Doha Climate Change Conference
Doha, Qatar – the latest talks of UN climate talks are underway. The goal: to agree on a framework by 2015 for the world’s leading economies to quickly and efficiently cut their carbon emissions.
The conference has already generated a great deal of controversy, as well as some promising moments. One of the most heated debates has focused on who is to blame for climate change. Ban Ki-Moon, the UN Secretary General, wants the developed world to own up for their disproportionate effect on climate change, and take lead in trying to fix it. The UK’s Lord Stern, former World Bank chief economist, counters that it is developing economies like China and India who should take responsibility. Others targeted the Koch brothers, oil baron billionaires in the USA, who have been “[Holding] any progress in Washington hostage,” according to IFG Directo Victor Menotti, while they secure their own interests at the expense of the environment. President Obama has claimed that he wants the US to be a leader in the fight against global warming, but he cannot act without a cooperative congress.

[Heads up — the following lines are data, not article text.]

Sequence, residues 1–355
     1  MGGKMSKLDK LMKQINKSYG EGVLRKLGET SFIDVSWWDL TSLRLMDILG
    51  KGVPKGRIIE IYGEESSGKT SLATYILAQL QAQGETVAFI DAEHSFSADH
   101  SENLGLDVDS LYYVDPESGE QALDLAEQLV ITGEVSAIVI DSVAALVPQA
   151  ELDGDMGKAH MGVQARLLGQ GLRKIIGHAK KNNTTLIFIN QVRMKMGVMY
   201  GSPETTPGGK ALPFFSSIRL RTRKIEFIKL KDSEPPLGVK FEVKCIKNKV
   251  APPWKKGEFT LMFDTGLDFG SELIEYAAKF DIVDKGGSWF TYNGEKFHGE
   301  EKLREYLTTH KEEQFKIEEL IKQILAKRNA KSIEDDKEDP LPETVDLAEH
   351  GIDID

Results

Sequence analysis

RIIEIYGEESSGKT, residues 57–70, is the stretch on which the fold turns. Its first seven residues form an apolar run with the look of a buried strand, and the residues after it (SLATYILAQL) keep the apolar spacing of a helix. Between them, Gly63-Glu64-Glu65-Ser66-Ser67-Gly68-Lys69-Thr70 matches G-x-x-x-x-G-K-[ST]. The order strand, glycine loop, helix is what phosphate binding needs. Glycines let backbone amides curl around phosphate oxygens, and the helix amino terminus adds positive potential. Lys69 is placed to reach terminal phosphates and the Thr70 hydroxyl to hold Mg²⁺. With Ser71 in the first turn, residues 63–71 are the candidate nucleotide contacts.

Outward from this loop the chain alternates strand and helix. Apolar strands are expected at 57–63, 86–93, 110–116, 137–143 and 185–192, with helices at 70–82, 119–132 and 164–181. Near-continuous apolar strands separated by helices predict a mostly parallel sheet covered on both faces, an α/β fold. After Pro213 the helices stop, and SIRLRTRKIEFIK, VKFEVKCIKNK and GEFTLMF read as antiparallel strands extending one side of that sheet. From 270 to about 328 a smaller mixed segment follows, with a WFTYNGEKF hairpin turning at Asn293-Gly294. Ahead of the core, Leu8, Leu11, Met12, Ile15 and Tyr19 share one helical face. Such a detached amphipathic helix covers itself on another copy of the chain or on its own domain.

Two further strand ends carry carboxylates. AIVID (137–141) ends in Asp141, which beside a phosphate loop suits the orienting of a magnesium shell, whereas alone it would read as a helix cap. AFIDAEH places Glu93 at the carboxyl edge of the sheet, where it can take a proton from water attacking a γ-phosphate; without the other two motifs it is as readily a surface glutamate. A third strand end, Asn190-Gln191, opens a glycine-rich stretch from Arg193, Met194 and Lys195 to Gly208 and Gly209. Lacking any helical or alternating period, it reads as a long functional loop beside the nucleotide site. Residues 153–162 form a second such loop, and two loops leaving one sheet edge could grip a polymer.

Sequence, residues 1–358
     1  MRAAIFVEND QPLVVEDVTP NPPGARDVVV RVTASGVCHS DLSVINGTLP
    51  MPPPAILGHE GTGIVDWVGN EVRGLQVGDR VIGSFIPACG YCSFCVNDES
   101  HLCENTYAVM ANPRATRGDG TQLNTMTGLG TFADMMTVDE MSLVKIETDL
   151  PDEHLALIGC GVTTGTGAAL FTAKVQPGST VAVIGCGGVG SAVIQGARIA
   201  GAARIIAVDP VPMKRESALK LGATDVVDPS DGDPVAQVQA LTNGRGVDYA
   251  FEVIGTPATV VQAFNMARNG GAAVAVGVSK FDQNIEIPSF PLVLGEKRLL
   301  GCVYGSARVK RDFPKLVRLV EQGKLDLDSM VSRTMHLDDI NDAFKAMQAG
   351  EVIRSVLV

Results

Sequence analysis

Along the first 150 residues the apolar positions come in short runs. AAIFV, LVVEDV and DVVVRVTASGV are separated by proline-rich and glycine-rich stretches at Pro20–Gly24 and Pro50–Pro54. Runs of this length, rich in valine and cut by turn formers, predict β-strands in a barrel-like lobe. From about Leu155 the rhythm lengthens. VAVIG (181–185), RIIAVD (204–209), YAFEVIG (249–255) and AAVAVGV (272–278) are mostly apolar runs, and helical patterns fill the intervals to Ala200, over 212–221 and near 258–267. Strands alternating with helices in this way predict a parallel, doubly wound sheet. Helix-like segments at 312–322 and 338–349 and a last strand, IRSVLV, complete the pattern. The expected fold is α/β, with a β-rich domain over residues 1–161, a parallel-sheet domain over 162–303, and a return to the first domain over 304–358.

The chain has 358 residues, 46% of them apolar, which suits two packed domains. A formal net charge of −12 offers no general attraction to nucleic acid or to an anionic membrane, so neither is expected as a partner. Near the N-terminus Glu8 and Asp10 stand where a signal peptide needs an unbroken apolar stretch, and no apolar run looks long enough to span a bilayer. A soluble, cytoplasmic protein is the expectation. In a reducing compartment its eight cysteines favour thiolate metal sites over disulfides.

As for the good news: the youth initiative that galvanised the last Climate Change Conference has returned, not only in the form of impassioned student speakers, but also through the recently-formed Arab Youth Climate Movement, who led Qatar’s first-ever sanctioned demonstration. China, Korea, Germany, Japan and the UK, seem to be turning towards low-carbon energy, which will hopefully lead to investment in renewable energy and energy efficiency at a large enough scale to keep prices low. This kind of progress is right in line with Invisible Dust’s goals of environmental awareness and the promotion of cleaner, less toxic energy.